On May 10, 1976, the decedent met with Ochs at the Providence Washington offices in Providence, Rhode Island, to continue preparation for the presentation. Ochs testified that he and the decedent were determined to finish their preparation during this week since they were not going to see each other again until the date of the presentation, approximately 2 weeks hence. The May 10 meeting began early in the afternoon and lasted until sometime after 6 p.m. The following morning, May 11, they met at the office and continued their preparations until late in the afternoon. They continued working over dinner, finishing up about 9 to 9:30 p.m. On May 12 they met at the office at about 8:30 a.m. and worked until 5 or 6 that evening. They did not eat together that night.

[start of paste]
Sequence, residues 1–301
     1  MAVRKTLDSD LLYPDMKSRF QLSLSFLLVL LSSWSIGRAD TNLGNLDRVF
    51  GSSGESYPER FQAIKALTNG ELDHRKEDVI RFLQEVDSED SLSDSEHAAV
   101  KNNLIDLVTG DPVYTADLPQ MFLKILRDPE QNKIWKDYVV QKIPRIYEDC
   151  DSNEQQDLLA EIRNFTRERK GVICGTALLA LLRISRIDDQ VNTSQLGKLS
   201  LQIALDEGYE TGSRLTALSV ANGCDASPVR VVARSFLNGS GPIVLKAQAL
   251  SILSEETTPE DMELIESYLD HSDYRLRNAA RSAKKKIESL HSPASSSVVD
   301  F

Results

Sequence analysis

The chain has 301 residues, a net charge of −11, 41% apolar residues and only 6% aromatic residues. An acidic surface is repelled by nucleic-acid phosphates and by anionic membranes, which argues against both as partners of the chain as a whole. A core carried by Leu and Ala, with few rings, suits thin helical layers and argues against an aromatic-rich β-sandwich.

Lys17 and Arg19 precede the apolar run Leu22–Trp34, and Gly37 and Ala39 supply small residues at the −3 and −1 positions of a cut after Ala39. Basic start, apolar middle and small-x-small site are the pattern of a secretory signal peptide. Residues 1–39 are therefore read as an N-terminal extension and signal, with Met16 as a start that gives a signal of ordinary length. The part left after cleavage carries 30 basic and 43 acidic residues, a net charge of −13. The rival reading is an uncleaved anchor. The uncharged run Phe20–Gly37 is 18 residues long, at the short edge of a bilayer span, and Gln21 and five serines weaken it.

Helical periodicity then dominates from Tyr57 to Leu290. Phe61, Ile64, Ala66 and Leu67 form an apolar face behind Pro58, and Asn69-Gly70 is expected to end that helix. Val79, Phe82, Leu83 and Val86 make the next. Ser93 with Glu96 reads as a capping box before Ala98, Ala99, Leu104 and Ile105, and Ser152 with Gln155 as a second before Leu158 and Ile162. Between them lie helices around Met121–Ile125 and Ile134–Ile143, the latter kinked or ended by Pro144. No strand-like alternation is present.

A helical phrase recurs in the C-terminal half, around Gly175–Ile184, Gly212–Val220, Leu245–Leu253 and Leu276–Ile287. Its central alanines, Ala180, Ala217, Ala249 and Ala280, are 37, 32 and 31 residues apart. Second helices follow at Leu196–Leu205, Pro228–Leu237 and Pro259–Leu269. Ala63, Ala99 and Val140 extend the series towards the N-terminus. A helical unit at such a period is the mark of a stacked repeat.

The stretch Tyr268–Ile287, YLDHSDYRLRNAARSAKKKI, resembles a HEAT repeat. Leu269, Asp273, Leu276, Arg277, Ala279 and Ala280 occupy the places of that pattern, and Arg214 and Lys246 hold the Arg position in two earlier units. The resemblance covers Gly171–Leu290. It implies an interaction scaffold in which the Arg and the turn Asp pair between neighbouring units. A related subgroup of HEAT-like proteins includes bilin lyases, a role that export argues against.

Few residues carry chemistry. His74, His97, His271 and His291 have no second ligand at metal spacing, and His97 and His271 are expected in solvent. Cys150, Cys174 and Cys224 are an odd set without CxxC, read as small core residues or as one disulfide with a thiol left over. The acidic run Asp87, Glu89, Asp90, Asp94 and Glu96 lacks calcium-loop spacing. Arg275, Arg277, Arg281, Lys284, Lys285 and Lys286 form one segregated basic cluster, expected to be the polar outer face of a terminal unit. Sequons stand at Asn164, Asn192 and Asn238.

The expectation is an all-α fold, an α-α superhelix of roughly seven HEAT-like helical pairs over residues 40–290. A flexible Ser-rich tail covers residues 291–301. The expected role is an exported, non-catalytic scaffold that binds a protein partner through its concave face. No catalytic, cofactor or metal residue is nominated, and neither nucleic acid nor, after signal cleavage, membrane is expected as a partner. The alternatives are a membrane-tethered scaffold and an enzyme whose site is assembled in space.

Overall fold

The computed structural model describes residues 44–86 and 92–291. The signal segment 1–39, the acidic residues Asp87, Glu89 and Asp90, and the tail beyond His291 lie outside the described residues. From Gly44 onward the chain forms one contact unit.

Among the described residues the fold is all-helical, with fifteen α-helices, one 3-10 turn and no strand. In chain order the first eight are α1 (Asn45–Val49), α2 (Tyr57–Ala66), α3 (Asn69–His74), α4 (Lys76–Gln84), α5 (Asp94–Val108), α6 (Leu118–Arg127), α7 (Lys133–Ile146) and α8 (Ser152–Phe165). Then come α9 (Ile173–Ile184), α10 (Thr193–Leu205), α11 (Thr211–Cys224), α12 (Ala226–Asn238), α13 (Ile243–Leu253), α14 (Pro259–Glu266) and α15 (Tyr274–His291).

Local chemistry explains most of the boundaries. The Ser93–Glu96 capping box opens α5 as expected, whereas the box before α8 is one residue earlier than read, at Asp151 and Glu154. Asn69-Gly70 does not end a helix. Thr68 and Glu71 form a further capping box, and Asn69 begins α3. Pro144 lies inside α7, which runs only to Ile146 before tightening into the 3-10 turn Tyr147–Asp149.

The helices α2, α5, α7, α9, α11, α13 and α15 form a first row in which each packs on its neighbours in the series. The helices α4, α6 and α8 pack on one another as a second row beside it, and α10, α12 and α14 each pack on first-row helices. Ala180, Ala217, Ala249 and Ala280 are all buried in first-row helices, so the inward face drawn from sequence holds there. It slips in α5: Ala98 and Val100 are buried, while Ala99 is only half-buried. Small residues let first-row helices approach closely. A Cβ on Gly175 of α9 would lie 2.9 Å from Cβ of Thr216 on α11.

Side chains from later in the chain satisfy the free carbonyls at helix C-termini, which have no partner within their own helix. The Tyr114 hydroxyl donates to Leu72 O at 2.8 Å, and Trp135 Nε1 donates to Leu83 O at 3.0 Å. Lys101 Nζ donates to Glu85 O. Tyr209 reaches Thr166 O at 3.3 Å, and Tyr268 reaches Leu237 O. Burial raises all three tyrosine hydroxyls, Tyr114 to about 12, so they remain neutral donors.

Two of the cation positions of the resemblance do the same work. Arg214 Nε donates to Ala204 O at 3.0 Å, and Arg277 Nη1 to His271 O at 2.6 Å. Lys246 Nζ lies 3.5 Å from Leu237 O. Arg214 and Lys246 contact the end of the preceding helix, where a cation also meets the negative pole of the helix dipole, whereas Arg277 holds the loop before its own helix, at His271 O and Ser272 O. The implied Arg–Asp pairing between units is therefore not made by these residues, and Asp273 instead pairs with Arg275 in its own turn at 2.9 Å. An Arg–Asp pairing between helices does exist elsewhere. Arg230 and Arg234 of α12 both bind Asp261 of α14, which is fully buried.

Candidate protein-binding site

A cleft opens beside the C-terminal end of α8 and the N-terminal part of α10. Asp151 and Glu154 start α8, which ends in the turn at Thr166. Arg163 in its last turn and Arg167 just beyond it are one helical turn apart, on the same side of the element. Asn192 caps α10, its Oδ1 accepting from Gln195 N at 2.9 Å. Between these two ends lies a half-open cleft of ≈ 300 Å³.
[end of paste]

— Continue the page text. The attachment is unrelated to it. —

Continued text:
At approximately 8:30 a.m. on May 13 the decedent called Ochs at the office, told Ochs that he was not feeling well, and asked Ochs to come and see him in his room as soon as possible. Ochs left the office immediately, and when he arrived at decedent's hotel the decedent was pacing around the room. The decedent told Ochs that he had not been sleeping well lately and that he had an intermittent pain in his right arm which he had had since arriving in Providence. When Ochs asked decedent whether he had a medical problem, the decedent told Ochs that his annual physical had found high blood pressure, which was now under control, and that his physician had told him to slow down and lose weight. Ochs stated that decedent had lost a considerable amount of weight during the last couple of months. During this conversation Ochs noted that the decedent was belching frequently.